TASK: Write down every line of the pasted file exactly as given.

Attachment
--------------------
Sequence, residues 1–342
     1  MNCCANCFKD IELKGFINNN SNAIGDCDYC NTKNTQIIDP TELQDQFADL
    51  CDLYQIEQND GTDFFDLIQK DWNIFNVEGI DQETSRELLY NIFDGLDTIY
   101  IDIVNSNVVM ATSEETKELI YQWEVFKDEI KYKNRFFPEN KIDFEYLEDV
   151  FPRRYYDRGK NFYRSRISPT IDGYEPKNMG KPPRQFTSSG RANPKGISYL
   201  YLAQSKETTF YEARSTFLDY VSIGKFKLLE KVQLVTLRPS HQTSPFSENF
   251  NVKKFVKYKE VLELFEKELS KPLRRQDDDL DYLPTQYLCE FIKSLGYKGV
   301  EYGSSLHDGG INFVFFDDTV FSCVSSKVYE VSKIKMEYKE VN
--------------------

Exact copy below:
Sequence, residues 1–342
     1  MNCCANCFKD IELKGFINNN SNAIGDCDYC NTKNTQIIDP TELQDQFADL
    51  CDLYQIEQND GTDFFDLIQK DWNIFNVEGI DQETSRELLY NIFDGLDTIY
   101  IDIVNSNVVM ATSEETKELI YQWEVFKDEI KYKNRFFPEN KIDFEYLEDV
   151  FPRRYYDRGK NFYRSRISPT IDGYEPKNMG KPPRQFTSSG RANPKGISYL
   201  YLAQSKETTF YEARSTFLDY VSIGKFKLLE KVQLVTLRPS HQTSPFSENF
   251  NVKKFVKYKE VLELFEKELS KPLRRQDDDL DYLPTQYLCE FIKSLGYKGV
   301  EYGSSLHDGG INFVFFDDTV FSCVSSKVYE VSKIKMEYKE VN